Writer: Hasan Ali Toptaş
Known for his skilful and imaginative use of language,Toptas is an important figure in Turkish postmodern literature. His blurring of reality and surreality have led to inevitable comparisons with Kafka. His novel Gölgesizler was made into a film of the same name. It was directed by Ümit Ünal, and Toptas also made a personal appearance in the film. The English translation of his novel, Heba, was published in 2013.
Translated works with links to publishers, summaries and reviews:
Other useful links:
I am delighted that my translation from the novel Savaşın Çocukları (Children of War) is a winner in the PEN presents Europe Awards for 2015. The book is set on Crete before the outbreak of World War One and is one of my all time favourite novels. You can read my submission and the other five wonderful translations on the PEN website.
An insightful article by Benjamin Moser about the difficulties faced by foreign writers in getting published in English. Whilst bookshops across the world are brimming with the latest English bestsellers, sadly the interest is not reciprocated.
Found in Translation by Benjamin Moser, New York Times
Ahmet Hamdi Tanpınar 1901-1962
Tanpınar’s novels are set in the period after the establishment of the Turkish Republic and reflect the angst of intellectuals living through a radical top down revolution.
Currently two of Ahmet Hamdi Tanpınar’s novels are available in English:
The Time Regulation Institute (Saatleri Ayarlama Enstitüsü)
Translated by Maureen Freely and Alexander Dawe, Penguin Classics
A Mind at Peace (Huzur)
Translated by Erdağ Göknar, Archipelago Books
New York Times review of The Time Regulation Institute
Guardian review of the Time Regulation Institute
Quarterly Conversation review of a Mind at Peace
Archipelago Books review of Mind at Peace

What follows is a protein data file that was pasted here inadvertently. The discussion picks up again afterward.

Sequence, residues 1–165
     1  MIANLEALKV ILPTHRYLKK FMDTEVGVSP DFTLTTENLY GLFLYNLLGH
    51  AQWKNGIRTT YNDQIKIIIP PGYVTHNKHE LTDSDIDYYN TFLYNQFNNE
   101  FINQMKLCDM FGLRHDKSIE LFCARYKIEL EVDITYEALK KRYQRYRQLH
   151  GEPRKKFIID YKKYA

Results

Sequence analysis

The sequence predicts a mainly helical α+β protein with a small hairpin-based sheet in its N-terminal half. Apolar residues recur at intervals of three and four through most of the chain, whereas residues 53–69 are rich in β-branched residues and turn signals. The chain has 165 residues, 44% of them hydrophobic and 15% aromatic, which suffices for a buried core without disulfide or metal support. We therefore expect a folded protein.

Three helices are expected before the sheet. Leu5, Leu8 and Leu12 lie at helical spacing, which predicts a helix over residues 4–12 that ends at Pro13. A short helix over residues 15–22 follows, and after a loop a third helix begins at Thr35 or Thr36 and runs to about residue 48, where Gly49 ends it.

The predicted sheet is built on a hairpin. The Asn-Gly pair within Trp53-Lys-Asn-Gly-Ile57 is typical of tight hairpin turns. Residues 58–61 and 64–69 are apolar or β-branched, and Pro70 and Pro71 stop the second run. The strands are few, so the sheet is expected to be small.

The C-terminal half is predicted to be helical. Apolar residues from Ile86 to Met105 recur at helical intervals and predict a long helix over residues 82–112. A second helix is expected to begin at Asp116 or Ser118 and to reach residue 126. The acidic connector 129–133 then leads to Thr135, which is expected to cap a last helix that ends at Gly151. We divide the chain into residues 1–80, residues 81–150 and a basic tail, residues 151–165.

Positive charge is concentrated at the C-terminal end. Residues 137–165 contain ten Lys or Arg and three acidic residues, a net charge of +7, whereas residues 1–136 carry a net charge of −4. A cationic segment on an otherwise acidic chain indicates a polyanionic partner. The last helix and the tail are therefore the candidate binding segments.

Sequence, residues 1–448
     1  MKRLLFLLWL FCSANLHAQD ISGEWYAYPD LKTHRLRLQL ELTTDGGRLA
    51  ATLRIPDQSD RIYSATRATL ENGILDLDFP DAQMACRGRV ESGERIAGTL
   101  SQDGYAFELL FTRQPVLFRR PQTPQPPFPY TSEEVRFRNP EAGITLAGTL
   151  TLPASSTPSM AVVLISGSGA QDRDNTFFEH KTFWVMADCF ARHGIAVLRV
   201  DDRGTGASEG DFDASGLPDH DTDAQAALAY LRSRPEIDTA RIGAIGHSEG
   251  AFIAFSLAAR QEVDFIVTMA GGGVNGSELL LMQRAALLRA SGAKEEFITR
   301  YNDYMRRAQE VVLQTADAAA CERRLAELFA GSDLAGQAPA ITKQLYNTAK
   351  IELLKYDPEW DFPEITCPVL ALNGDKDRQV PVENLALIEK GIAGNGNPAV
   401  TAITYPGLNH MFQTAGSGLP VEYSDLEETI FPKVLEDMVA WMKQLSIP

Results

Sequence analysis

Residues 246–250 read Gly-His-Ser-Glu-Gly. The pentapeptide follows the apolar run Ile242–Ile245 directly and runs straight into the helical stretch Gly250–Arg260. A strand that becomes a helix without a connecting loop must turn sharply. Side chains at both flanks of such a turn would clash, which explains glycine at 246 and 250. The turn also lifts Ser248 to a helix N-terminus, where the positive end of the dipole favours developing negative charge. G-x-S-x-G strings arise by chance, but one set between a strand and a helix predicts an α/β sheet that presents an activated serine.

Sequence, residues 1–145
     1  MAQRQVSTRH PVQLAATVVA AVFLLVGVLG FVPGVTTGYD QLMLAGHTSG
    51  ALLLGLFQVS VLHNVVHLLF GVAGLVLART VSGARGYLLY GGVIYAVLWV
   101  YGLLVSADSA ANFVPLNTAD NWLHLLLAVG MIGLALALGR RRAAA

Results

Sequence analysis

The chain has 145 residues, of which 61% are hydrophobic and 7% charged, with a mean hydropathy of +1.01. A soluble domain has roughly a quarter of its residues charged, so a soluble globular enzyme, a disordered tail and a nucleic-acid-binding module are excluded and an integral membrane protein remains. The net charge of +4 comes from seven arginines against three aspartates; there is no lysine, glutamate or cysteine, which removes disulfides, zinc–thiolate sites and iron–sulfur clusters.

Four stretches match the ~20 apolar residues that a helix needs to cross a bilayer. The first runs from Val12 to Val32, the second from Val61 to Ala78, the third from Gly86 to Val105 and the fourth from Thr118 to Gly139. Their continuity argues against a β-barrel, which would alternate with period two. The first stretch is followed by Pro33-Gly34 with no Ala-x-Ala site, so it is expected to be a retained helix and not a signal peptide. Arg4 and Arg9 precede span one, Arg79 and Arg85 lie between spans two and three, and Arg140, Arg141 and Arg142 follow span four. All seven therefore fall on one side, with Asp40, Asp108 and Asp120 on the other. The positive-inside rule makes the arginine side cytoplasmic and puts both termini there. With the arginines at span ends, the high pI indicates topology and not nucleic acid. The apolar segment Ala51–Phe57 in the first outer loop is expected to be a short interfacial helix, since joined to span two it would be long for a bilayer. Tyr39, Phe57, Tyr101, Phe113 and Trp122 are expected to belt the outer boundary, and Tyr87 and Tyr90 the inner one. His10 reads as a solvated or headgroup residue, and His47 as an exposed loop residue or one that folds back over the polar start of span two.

University of Rochester Three Percent review of Mind at Peace
I’ll start with a personal favourite….
Writer: Orhan Kemal
Life: 1914 – 1970
Summary: His novels and short stories relate the daily life of the urban poor, many from amongst the agricultural and factory workers of the Adana region, in a time of great social upheaval in Turkey. His works reflect the effects of economic changes on the local people and the contradictions inherent in society. His fluid and fast flowing style, along with a positive outlook on the human spirit, has contributed to his long lasting popularity.
During his lifetime, he supported himself with many different jobs both blue collar and white collar, and it was only in later life that he was able to survive from his writing. He lived in the Adana region for many years but also in Syria, Lebanon and Istanbul. In the 1930’s he was imprisoned on a charge of spreading communist propaganda and spent some time in Bursa Prison with the poet, Nazim Hikmet. Aswell as producing 30-40 novels and story anthologies, he also wrote plays and film scripts. One of his plays, about life in prison in the 1940’s, Ward 72 (72.Koğuş) has twice been made into a film.
Translated works with links to publishers and review:
The Idle Years – My Father’s House
Turkish title: Avare Yıllar – Baba Evi
Publisher: Peter Owen Publishers
review: Independent Newspaper
Turkish title: 72. Koğuş
Publisher: Everest Publishing
Reviews: Overview from Everest in English
In Jail with Nazim Hikmet
Turkish title: Nazım Hikmet’le Üç Buçuk Yıl
Publisher: Saqi Books
Reviews: Cornucopia Magazine
Translations into other languages:
Comprehensive list of works translated to other languages on the Orhan Kemal website – see below for link.
Other useful links:
Orhan Kemal Website